Myc protein is differentially sensitive to quinidine in tumor versus immortalized breast epithelial cell lines

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Abstract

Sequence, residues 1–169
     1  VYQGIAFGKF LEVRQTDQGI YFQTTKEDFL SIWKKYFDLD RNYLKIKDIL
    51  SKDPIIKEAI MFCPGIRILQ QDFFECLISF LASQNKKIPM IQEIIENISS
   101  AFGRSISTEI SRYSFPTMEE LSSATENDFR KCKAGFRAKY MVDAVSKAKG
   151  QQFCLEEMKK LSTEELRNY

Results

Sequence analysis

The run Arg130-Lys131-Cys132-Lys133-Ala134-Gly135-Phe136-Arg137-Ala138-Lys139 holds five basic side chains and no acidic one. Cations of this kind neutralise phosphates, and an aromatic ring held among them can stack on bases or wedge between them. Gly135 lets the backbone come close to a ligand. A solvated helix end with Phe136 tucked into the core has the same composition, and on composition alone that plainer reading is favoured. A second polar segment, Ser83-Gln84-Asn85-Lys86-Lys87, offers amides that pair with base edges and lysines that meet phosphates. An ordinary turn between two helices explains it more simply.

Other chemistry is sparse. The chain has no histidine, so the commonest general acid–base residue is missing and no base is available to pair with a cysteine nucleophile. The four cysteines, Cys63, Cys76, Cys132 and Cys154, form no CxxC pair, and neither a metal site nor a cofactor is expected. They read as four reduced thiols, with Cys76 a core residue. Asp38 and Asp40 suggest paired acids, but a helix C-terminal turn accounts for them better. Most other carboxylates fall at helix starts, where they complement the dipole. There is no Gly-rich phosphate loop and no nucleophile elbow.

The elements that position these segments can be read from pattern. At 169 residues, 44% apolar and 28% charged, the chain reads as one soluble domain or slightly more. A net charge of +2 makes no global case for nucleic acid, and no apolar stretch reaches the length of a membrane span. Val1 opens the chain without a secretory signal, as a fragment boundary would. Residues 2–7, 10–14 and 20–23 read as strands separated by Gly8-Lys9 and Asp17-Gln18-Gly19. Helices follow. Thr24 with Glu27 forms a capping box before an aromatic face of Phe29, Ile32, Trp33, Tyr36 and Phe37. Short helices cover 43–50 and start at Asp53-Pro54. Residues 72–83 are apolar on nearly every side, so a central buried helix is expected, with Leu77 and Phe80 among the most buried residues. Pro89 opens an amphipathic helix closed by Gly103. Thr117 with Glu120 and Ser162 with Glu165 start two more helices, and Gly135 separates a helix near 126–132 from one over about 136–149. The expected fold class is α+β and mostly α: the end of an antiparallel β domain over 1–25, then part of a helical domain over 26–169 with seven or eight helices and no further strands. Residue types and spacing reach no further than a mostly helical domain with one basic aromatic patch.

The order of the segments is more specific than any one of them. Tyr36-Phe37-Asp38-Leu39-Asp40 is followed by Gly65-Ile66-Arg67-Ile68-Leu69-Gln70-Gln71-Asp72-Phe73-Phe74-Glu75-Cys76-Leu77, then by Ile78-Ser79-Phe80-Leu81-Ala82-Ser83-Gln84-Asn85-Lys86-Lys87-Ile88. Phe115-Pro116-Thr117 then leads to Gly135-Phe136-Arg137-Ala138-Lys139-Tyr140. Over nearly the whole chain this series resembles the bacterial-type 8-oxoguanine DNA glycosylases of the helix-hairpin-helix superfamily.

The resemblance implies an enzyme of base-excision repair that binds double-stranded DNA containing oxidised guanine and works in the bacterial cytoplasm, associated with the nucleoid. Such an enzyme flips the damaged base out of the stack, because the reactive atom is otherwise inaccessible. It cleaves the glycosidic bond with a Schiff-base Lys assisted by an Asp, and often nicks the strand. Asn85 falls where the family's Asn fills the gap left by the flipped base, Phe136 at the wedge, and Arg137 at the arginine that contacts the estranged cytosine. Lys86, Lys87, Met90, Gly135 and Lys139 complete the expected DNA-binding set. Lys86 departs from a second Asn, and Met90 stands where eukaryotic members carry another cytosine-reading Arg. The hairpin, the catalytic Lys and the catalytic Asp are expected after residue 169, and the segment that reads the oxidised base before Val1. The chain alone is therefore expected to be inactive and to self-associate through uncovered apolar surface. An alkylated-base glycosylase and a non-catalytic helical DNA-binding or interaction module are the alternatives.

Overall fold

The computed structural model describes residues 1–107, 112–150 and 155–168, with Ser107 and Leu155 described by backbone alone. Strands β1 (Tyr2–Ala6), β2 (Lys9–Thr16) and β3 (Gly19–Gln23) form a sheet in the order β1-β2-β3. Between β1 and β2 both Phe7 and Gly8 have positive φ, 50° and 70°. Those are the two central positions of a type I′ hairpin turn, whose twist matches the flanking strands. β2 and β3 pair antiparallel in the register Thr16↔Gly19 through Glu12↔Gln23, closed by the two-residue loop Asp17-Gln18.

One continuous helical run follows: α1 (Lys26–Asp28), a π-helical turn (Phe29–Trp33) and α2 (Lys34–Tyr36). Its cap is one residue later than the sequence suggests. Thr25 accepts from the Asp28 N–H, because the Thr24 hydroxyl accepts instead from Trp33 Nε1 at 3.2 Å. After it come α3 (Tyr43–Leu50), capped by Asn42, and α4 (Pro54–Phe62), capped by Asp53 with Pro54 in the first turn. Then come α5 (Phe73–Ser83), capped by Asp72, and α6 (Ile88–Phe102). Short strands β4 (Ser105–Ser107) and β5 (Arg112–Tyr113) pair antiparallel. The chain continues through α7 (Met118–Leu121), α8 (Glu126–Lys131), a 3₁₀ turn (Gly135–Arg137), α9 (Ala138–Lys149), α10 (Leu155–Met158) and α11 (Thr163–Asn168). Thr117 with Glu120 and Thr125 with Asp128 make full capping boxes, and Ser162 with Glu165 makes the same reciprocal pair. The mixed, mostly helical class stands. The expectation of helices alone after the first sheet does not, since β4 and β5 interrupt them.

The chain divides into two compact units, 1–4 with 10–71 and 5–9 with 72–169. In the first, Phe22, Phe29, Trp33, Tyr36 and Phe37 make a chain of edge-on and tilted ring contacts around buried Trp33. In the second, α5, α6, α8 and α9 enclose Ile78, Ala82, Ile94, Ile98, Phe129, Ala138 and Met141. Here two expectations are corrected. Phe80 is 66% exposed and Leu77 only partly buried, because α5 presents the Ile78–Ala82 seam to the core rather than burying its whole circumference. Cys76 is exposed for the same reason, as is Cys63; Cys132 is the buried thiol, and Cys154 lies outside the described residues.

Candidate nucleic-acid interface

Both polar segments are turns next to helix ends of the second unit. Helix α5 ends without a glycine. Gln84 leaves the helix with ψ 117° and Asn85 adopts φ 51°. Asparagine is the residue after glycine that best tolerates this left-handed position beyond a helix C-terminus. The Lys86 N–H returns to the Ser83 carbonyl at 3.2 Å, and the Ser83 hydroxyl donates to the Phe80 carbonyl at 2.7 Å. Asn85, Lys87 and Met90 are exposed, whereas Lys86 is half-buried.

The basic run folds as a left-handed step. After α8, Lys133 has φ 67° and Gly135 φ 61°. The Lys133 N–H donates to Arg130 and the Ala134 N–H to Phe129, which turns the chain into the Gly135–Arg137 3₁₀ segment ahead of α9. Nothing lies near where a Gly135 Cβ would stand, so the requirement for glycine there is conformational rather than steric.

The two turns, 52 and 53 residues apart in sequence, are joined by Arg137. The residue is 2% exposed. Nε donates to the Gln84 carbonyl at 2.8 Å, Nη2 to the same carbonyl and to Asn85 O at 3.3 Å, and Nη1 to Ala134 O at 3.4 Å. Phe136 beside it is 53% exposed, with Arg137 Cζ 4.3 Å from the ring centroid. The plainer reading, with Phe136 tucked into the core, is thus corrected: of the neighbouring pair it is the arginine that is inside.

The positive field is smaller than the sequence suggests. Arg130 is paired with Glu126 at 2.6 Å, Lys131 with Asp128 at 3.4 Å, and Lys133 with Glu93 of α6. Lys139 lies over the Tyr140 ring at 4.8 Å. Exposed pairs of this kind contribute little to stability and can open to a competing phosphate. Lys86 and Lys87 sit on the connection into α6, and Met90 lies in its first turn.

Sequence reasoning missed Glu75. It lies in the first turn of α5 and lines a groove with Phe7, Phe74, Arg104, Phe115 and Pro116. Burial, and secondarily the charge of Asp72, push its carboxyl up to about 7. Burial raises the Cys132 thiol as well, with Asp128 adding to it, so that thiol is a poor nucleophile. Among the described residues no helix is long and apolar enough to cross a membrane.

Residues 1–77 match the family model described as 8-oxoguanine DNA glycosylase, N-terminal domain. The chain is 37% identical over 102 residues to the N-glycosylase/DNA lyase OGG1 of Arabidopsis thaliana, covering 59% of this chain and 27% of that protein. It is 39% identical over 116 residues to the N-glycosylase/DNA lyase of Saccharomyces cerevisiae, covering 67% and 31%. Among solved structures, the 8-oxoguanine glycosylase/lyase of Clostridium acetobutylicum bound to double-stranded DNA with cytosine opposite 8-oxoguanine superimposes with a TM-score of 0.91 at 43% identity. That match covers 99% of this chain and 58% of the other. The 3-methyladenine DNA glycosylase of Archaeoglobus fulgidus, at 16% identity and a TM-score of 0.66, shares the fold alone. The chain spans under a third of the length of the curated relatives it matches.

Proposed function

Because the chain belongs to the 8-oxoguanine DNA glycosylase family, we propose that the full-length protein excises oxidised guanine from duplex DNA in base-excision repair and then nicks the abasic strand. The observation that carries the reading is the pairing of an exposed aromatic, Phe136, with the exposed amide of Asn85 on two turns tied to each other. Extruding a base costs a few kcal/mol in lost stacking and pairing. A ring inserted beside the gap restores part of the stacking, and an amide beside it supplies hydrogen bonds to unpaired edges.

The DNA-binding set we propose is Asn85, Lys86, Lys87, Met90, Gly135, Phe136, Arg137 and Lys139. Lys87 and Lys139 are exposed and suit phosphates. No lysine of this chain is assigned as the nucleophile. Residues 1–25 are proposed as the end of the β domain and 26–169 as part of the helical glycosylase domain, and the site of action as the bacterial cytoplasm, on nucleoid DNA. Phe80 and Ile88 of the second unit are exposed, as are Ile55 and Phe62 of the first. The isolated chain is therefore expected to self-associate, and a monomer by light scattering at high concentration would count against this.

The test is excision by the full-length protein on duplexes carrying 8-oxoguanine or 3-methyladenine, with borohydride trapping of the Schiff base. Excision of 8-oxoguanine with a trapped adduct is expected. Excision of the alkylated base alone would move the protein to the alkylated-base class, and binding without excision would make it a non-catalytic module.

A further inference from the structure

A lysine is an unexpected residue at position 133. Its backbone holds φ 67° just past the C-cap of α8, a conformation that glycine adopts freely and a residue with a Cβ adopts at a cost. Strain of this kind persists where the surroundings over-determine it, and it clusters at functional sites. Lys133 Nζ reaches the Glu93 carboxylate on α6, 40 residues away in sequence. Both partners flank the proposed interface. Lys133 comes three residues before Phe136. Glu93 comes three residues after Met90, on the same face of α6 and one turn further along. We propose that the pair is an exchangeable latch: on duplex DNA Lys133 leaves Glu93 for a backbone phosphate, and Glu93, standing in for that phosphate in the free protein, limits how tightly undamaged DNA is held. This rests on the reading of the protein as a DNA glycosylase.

Quinidine regulates growth and differentiation in human breast tumor cells, but the immortalized mammary epithelial MCF-10A cell line is insensitive to quinidine. We found that a morphologically similar differentiation response was evoked by quinidine and c-myc antisense oligonucleotides in MCF-7 cells and this prompted us to investigate the actions of quinidine on c-myc gene expression. Myc protein levels were suppressed in human breast tumor cell lines, but not in MCF-10A cells, an observation that supports the hypothesis that suppression of c-myc gene expression is involved in the preferential growth and differentiation response of breast tumor cells to quinidine. Quinidine reduced c-myc mRNA levels in MCF-7 cells. Acute induction of c-myc mRNA by estradiol, as well as the c-myc response to sub-cultivation in fresh serum and H-ras driven elevations in c-myc mRNA were depressed by 50–60% in the presence of quinidine. Quinidine decreased c-myc promoter activity in MCF-7 cells in a transient reporter gene assay and a 168 bp region of human c-myc promoter (−100 to +68 with respect to the P1 promoter) was sufficient to confer responsiveness to quinidine. Quinidine is a potential lead compound for developing pharmacological agents to regulate Myc. In addition, the study of quinidine-regulated events is a promising approach to unravel differentiation control pathways that become disrupted in breast cancer. © 2002 Wiley-Liss, Inc.

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